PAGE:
FACEBOOK has rejected reports which claimed that it is actively asking banks for details of users’ financial transactions.
The decleration made by Facebook follows a story in the Wall Street Journal that stated the social media giant had asked US banks for such data.
Facebook asserted that some users opted in to accessing some financial information in its Messenger app.
Any data that was accessed by the company for such purposes was not used for advertising, it added.
The Wall Street Journal had reported that Facebook approached JPMorgan Chase, Wells Fargo, Citigroup, and US Bancorp to ask for information about users’ account balances and card transactions.
But Facebook said that users must opt in to linking the Messenger chat app to their bank accounts.
‘Completely opt in’
“Like many online companies with commerce businesses, we partner with banks and credit card companies to offer services like customer chat or account management,” Facebook said.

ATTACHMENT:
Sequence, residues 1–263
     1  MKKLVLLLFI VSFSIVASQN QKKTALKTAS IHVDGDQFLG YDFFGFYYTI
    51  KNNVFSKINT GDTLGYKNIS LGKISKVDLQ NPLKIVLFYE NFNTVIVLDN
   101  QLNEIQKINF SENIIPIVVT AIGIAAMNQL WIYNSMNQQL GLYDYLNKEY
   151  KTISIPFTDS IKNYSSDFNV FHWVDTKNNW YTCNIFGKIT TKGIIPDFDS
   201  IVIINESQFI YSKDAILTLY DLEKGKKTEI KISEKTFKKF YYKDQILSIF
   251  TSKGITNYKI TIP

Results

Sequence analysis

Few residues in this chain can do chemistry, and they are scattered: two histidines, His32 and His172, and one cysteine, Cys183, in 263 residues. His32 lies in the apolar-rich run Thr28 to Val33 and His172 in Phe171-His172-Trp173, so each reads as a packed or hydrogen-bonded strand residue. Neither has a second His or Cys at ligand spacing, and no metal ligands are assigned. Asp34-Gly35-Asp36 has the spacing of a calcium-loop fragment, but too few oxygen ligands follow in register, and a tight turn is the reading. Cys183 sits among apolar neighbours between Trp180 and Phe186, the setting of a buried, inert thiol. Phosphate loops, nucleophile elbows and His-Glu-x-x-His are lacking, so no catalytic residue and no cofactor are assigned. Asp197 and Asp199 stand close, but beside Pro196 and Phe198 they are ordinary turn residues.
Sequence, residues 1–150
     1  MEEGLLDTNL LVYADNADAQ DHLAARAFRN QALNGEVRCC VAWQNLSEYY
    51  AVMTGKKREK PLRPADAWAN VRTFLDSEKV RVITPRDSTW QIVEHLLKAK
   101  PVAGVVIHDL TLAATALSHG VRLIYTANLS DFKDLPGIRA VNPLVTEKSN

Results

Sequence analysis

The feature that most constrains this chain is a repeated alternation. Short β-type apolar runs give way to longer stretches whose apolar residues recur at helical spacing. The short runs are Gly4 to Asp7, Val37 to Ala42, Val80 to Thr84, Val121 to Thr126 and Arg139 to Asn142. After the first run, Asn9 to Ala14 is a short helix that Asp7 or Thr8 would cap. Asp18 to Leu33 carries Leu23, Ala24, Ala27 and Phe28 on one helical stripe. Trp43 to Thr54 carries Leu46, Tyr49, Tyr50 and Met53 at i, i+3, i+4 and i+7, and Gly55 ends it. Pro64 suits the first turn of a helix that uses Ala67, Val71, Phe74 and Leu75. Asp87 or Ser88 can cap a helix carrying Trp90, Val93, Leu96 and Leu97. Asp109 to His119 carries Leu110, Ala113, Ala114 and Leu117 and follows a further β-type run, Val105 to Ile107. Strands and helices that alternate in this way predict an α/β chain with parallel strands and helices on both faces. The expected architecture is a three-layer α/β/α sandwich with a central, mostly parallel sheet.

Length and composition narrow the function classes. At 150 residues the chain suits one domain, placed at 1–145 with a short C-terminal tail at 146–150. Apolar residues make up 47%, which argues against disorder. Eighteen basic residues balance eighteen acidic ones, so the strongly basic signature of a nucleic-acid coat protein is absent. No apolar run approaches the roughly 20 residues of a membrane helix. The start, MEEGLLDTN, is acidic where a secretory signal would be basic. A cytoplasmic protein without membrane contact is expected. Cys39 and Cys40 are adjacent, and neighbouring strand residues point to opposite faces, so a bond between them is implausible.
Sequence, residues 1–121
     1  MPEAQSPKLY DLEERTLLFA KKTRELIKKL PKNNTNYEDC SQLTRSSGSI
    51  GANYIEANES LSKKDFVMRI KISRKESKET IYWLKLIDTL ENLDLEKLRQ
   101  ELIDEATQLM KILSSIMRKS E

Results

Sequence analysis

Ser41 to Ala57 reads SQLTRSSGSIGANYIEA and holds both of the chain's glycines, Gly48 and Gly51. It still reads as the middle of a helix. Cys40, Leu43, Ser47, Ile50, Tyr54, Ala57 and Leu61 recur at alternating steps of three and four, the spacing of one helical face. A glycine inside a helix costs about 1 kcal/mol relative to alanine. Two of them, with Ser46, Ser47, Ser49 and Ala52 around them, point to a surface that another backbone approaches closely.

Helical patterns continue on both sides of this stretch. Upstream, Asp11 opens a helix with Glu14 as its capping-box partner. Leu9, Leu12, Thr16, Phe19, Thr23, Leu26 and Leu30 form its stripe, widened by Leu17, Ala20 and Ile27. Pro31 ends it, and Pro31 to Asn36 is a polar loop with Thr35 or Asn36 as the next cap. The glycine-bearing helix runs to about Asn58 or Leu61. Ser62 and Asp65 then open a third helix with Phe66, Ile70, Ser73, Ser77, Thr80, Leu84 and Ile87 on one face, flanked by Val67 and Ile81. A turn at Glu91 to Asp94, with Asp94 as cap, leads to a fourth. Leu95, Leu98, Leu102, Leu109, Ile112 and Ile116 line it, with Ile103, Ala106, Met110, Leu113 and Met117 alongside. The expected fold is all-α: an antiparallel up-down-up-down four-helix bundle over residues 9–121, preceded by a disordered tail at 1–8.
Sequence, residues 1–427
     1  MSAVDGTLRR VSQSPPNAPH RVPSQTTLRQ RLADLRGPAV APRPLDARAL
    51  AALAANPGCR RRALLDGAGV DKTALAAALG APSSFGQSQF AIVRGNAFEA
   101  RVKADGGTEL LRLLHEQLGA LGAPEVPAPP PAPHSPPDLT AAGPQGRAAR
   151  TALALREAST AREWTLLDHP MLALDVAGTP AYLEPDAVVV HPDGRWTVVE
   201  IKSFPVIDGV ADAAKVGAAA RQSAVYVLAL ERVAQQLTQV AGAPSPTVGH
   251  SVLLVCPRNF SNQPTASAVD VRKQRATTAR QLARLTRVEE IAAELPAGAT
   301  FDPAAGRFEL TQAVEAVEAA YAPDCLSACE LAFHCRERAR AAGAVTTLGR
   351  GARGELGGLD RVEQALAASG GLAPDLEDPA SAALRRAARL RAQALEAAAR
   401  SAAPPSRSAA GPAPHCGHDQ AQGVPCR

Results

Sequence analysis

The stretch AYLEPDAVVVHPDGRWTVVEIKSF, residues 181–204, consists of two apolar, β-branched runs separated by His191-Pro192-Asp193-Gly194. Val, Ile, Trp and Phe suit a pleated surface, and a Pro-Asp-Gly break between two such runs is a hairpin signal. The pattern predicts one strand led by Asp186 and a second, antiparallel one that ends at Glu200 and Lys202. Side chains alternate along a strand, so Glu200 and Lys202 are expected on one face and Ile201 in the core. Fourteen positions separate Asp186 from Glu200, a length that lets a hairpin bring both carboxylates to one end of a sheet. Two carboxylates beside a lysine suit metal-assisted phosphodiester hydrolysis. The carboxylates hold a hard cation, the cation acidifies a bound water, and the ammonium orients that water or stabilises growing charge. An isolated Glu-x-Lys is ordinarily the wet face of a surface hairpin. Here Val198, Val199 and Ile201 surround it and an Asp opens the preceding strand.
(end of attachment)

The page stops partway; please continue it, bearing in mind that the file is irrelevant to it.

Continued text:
“The idea is that messaging with a bank can be better than waiting on hold over the phone – and it’s completely opt in.”
Nevertheless, the boss of Italy’s biggest bank has ordered his staff to cut all the bank’s ties with Facebook in direct response to the social network’s behaviour revealed in the Cambridge Analytica data breach scandal.
“Facebook is not acting in an ethical way,” Jean Pierre Mustier, chief executive of UniCredit, said on Tuesday. “We will not use it until it has proper ethical behaviour.”